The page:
STATE OF NEW JERSEY v. SEAN SANTAMASSINOAnnotate this Case
NOT FOR PUBLICATION WITHOUT THE
APPROVAL OF THE APPELLATE DIVISION
SUPERIOR COURT OF NEW JERSEY
DOCKET NO. A-0
STATE OF NEW JERSEY,
SEAN SANTAMASSINO, A/K/A
October 14, 2014
Submitted October 7, 2014 Decided
Before Judges Fasciale and Hoffman.
On appeal from Superior Court of New Jersey, Law Division, Passaic County, Accusation No. 12-04-0416.
Joseph E. Krakora, Public Defender, attorney for appellant (Jay L. Wilensky, Assistant Deputy Public Defender, of counsel and on the brief).
John J. Hoffman, Acting Attorney General, attorney for respondent (Carol M. Henderson, Assistant Attorney General, of counsel and on the brief).
Appellant filed a pro se supplemental brief.
Defendant appeals from his conviction for second-degree burglary, N.J.S.A. 2C:18-2. Defendant argues primarily that the judge erred by denying his request to convert gap time credit to jail credit. We affirm.
On July 21, 2011, police in Bergen County arrested defendant and charged him with committing third-degree resisting arrest, N.J.S.A. 2C:29-2a(2) (the "Bergen offense").1 Defendant made bail and the police released him. On January 8, 2012, police in Passaic County arrested defendant, charged him with committing second-degree burglary, N.J.S.A. 2C:18-2 (the "Passaic offense"), and incarcerated him.2
On April 27, 2012, a Bergen County judge sentenced defendant pursuant to a plea agreement and imposed a five-year prison sentence. Thereafter, defendant pled guilty to the Passaic offense and awaited sentencing.
On October 26, 2012, a Passaic County judge sentenced defendant to three years in prison subject to the No Early Release Act (NERA), N.J.S.A. 2C:43-7.2, concurrent to the Bergen County sentence.3 The Passaic County judge gave defendant 110 days of jail credit from January 8, 2012 (the date of his Passaic arrest) to April 26, 2012 (the day before his Bergen County sentence). The judge gave defendant 182 days of gap time credit for the time he spent in custody between the Bergen sentence and Passaic sentence.
At sentencing, defendant requested that the Passaic judge reduce his negotiated plea by six months, or in the alternative, convert the 182 days of gap time credit to jail credit in the interest of "fundamental fairness." The judge declined, stating that defendant was
sentenced on April 27[,]  for . . . [the Bergen offense]. Once [he was] sentenced on [that] offense, . . . [he] no longer [could] get jail  credit. [The] credit becomes gap time credit.
. . . .
[Defendant] did six months on [the Bergen sentence]. [He was] getting . . . full credit . . . on that  sentence for that time period.
On appeal, defendant argues that
THE AWARD OF GAP TIME [CREDIT] IN THIS MATTER WAS THE RESULT OF CLEAR ERROR PURSUANT TO STATE V. PILLOT, AND HIGHLY PREJUDICIAL, AND ACCORDINGLY SHOULD BE RECAST AS AN AWARD OF JAIL [CREDIT] OR PRIOR-SERVICE CREDIT.
In his pro se brief, defendant raises the following point, which we have re-numbered
THE UNREASONABLE DELAY OF BRINGING DEFENDANT BEFORE THE COURT FOR SENTENCING VIOLATED DEFENDANT'S RIGHT TO DUE PROCESS OF LAW THUS CREAT[ING] A MANIFEST . . . INJUSTICE.
After carefully considering the record and the briefs, we conclude that defendant's arguments are "without sufficient merit to warrant discussion in a written opinion." R. 2:11-3(e)(2). We add the following remarks.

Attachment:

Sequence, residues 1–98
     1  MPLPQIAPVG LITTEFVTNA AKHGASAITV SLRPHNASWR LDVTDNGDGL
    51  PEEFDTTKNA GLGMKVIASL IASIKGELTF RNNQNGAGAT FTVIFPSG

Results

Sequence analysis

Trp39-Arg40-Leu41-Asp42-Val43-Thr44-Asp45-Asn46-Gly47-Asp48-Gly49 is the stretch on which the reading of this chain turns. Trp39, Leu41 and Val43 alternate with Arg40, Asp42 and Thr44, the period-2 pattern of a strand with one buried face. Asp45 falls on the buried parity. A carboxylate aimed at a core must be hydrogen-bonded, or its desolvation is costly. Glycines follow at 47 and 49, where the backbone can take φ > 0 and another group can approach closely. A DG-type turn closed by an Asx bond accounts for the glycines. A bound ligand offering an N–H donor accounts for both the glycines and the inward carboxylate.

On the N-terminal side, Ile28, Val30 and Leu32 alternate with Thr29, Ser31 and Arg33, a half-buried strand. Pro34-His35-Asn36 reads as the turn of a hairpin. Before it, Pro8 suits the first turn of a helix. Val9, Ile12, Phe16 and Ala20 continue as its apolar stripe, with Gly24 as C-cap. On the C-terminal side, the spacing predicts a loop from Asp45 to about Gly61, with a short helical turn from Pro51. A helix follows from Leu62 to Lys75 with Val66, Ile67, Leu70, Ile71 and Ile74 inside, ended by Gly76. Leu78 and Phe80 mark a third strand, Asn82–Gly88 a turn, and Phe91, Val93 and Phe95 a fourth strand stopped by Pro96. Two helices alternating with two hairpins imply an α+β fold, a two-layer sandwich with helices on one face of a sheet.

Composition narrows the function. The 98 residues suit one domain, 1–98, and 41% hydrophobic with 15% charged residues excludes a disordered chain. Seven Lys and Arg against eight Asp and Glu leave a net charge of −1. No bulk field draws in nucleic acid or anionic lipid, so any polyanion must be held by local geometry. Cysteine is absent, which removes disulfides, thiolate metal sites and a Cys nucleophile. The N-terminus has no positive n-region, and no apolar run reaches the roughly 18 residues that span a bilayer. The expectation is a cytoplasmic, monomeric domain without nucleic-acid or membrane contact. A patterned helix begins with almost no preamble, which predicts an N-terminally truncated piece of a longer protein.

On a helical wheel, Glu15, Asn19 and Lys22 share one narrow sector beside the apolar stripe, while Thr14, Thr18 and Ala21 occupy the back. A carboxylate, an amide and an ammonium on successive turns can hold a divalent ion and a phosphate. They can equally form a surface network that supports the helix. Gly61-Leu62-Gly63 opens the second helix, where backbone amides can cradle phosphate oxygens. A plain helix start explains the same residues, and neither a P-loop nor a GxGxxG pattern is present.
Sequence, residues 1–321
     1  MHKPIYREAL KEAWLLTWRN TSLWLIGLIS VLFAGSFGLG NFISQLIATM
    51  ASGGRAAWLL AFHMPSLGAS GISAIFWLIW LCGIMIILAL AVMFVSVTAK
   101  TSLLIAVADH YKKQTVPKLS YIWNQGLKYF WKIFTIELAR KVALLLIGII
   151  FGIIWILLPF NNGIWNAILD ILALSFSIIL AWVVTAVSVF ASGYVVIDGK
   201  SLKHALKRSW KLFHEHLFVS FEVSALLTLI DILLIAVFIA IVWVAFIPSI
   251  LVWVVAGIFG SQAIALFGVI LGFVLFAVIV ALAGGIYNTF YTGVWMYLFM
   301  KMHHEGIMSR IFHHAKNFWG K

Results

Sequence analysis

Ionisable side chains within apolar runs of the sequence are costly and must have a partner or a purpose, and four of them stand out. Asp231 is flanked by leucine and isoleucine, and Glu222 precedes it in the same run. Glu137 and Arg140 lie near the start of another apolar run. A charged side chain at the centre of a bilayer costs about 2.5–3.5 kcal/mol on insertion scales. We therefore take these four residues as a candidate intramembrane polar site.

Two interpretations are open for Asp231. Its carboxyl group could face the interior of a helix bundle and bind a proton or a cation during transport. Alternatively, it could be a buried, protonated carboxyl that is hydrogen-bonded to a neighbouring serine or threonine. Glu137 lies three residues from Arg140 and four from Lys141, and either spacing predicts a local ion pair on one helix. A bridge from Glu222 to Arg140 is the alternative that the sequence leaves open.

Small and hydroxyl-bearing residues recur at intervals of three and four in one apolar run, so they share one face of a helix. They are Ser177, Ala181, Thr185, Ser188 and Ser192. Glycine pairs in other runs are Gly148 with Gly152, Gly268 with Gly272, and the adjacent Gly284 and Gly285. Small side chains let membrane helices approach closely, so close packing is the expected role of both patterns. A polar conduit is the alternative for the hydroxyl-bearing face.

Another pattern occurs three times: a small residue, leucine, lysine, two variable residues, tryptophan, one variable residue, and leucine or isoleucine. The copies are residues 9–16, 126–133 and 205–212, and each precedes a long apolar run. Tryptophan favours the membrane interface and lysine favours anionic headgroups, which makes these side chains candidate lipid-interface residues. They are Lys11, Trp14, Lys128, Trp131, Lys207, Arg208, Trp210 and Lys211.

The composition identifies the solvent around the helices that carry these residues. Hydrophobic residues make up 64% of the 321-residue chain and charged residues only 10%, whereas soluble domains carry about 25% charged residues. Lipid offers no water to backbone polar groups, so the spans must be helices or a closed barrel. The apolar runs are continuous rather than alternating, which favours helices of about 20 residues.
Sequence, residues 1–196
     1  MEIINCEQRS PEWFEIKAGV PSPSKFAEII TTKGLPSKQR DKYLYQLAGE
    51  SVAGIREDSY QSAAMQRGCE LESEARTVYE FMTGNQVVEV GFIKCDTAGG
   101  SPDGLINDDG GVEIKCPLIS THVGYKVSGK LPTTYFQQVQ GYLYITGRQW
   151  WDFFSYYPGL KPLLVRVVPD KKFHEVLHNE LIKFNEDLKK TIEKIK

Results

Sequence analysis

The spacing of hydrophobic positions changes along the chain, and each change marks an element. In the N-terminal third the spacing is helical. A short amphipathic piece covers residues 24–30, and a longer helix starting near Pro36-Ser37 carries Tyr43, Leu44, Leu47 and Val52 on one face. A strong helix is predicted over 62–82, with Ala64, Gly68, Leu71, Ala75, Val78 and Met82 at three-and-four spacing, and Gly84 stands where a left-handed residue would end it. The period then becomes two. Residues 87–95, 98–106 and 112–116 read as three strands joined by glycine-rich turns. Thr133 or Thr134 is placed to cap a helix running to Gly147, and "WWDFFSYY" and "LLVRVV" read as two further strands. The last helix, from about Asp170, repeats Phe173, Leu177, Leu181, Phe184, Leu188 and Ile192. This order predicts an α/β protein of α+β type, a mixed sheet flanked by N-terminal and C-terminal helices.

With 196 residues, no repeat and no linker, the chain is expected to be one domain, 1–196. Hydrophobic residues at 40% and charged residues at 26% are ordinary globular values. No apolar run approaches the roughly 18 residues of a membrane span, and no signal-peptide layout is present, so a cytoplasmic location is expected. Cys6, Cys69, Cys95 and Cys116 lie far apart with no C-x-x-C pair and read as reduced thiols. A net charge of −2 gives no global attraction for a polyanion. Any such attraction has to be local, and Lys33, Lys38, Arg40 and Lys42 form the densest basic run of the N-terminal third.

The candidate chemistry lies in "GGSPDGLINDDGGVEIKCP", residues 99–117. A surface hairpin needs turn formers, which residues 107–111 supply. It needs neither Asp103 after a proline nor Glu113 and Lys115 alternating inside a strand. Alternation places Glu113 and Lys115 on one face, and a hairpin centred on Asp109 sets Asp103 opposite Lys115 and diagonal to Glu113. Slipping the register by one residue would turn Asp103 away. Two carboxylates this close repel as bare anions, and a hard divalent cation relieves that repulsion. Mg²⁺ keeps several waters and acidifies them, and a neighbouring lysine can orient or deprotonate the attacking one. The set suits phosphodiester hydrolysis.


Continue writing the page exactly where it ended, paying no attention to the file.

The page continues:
Jail credit is awarded to a defendant "on the term of a custodial sentence for any time served in custody in jail . . . between arrest and the imposition of sentence." R. 3:21-8. Jail credit results in a defendant being "entitled to credit against the sentence for every day . . . in custody for that offense prior to sentencing," and can be used to offset both a parole ineligibility term and the actual sentence. State v. Hernandez, 208 N.J. 24, 37 (2011).
Gap time credit is awarded when a defendant is subsequently sentenced to another term for an offense committed prior to the former sentence. Richardson v. Nickolopoulos, 110 N.J. 241, 242 (1988) (citing N.J.S.A. 2C:44-5b(2)). Gap time credit is granted if, like here: "(1) the defendant has been sentenced previously to a term of imprisonment, (2) the defendant is sentenced subsequently to another term, and (3) both offenses occurred prior to the imposition of the first sentence." State v. Franklin, 175 N.J. 456, 462 (2003).
Unlike jail credit, gap time credit does not reduce a period of parole ineligibility. Booker v. N.J. State Parole Bd., 136 N.J. 257, 263 (1994); see also Meyer v. N.J. State Parole Bd., 345 N.J. Super. 424, 429-30 (App. Div. 2001) (holding that gap time credit cannot reduce the eighty-five percent parole ineligibility mandated by NERA), certif. denied, 171 N.J. 339 (2002). Sentencing courts have no discretion in the award of gap time credit, and converting gap time credit into jail credit to avoid NERA consequences would violate clear legislative intent. See Hernandez, supra, 208 N.J. at 48-49; Meyer, supra, 345 N.J. Super. at 430.
Here, the Passaic judge properly awarded defendant gap time credit as required under Hernandez and N.J.S.A. 2C:44-5b(2). Defendant was sentenced to prison for the Bergen County conviction, he was subsequently sentenced for the Passaic County conviction, and both offenses occurred prior to the imposition of the Bergen sentence.
1 Defendant was also charged with committing two counts of third-degree aggravated assault, N.J.S.A. 2C:12-1b(5); fourth-degree obstruction of justice, N.J.S.A. 2C:29-1; fourth-degree throwing bodily fluids on a corrections officer, N.J.S.A. 2C:12-13; and disorderly persons simple assault, N.J.S.A. 2C:12-1a.
2 The police in Passaic County also charged defendant with committing several disorderly persons offenses.
3 Although the Passaic County judge sentenced defendant on October 26, 2012, she signed the judgment of conviction on November 9, 2012.
4 115 N.J. 558 (1989).